Skip to main content
Login | Suomeksi | På svenska | In English

Browsing by Author "Komonen-Kauramäki, Jaana"

Sort by: Order: Results:

  • Komonen-Kauramäki, Jaana (2020)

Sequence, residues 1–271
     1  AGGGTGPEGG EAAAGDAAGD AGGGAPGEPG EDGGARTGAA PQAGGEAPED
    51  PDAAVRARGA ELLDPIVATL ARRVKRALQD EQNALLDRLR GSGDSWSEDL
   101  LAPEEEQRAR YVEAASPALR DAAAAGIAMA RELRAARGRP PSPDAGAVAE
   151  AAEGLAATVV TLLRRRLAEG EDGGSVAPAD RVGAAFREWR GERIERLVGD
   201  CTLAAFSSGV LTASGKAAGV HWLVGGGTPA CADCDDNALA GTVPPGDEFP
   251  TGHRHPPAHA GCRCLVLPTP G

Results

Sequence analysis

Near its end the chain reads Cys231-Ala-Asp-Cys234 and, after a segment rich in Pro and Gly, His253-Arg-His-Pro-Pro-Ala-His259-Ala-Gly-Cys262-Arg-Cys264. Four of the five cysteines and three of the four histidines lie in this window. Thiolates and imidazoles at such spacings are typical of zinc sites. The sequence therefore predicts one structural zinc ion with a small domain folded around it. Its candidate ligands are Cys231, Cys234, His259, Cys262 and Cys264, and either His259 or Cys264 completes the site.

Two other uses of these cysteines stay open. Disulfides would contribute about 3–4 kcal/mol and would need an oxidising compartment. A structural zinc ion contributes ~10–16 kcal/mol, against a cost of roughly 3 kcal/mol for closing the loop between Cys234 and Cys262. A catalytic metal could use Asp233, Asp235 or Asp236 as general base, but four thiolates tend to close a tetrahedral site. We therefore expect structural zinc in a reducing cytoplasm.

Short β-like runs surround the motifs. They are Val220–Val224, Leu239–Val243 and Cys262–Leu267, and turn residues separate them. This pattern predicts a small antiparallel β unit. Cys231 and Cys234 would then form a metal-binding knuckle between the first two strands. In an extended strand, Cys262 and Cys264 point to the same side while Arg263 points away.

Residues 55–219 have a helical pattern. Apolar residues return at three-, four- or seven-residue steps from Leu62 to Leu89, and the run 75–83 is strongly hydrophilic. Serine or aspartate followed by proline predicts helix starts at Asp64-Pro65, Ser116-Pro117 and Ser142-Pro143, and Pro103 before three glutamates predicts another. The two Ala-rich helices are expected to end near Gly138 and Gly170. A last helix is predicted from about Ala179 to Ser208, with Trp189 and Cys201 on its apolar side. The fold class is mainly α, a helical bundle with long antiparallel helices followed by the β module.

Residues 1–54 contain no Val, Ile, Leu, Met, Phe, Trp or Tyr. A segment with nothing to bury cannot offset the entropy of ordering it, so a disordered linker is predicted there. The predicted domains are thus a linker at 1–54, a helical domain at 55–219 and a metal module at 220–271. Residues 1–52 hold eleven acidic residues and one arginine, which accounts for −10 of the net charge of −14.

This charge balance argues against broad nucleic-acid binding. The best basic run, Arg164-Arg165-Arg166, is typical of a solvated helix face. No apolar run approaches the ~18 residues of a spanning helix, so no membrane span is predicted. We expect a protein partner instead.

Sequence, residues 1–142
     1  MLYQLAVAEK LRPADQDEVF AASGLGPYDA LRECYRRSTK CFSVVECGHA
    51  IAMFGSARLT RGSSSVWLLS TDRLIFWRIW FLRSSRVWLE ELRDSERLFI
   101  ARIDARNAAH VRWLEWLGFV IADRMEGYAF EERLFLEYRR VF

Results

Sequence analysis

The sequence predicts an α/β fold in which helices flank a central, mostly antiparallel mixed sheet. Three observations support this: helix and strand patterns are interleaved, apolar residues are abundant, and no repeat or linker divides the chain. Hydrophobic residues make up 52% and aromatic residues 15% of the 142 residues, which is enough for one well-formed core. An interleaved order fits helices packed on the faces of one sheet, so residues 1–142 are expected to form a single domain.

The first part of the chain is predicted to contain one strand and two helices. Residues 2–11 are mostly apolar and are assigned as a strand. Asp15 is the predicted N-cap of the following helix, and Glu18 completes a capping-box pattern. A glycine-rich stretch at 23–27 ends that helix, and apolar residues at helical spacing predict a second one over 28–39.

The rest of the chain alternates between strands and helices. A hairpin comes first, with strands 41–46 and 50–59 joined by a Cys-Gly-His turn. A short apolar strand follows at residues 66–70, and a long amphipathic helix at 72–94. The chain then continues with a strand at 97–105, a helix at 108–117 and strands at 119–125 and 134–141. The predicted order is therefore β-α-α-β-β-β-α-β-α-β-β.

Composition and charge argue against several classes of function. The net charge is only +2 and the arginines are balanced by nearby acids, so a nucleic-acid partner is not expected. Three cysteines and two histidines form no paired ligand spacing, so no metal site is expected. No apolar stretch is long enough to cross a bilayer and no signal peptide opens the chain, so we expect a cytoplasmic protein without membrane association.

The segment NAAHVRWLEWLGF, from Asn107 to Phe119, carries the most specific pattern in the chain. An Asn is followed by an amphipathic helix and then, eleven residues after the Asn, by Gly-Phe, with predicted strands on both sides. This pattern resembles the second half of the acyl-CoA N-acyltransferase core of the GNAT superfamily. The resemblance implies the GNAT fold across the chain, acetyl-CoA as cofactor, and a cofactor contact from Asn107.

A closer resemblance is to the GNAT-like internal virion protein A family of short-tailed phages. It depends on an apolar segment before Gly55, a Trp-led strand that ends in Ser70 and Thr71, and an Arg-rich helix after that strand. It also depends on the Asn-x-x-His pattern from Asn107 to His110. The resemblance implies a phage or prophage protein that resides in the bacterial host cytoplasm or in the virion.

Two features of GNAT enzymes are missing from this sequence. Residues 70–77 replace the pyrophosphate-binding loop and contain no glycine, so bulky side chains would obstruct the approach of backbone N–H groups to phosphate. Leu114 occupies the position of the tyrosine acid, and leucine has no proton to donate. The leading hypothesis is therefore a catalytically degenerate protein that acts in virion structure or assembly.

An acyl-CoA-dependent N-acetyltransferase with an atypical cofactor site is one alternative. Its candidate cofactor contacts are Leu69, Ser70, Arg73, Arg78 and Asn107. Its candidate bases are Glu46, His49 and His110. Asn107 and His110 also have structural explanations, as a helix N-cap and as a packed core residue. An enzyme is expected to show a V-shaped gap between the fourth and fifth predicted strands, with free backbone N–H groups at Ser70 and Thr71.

Animals and humans communicate in various ways, using for instance motion, gestures and sounds. Through domestication humans now share the same habitat with a number of species. A centuries-old common history with cats has affected both cats’ behavior and vocalization and possibly human behavior as well. Human speech contains acoustic information beyond the linguistic content. An example of the acoustic structures are fast-repeated, pulsed vocalizations, shown to activate for instance dogs. These structures are thought to be universal in communication with domestic species, possibly for all mammals and birds. Still, not all sounds work the same way for all species. Besides universal structures there are probably species-specific features in calls initiated by humans. We call all domestic animals differently and in a species-specific way, but the common goal is to engage the individual’s attention, and have it approach the caller. People call cats in various ways in different countries, but nevertheless the calls share some common acoustical features. Here, the goal of the study was to find out if people from various language and cultural backgrounds use short, fast-repeated sounds to call cats and to find out similarities in the usage of call sounds higher in frequency than speech. For this, I asked people from various language and cultural background to fill in a questionnaire and give audio samples of a call, instructing them to have an unknown cat approach them. The short, fast-repeated sounds from the calls were extracted and features analyzed using various computer programs. The data were statistically analyzed to find out 1) if the repeated sound frequency spectra differ from the spectra of calls including only speech, 2) the effect of cat ownership and language background to call repetition, 3) the effect of cat ownership and language background to call frequency, and 4) the effect of call origin (inheritance) and experience (cat ownership) to call properties. Altogether 56 adults participated in the study. The subjects were from 19 different countries and represented 16 different native languages. 86% of the calls included fast-repeated, short, pulsed segments. The duration and frequency of the calls differed depending on the repeated sound. The fastest repetition rate was with various clicking sounds. The highest frequency content was with calls including “s” sound, such as “pss” and “kss”, and various lip-smacking sounds. While there were differences in the repeated segments depending on the language background of the caller, the common pattern was that the spectral center of gravity in sound frequency was higher for the fast-repeated, short segments than for calls including only speech. In summary, human-to-cat calls have a high frequency content and include short, fast-repeated sound segments regardless of the language background of the caller, in order to get cat’s attention and have it approach the caller. For the follow-up study I suggest expanding the subject population to different language backgrounds. In addition, the call sounds should be compared to predator sounds. Further, the effectiveness of the call sounds could be tested with cats or kittens.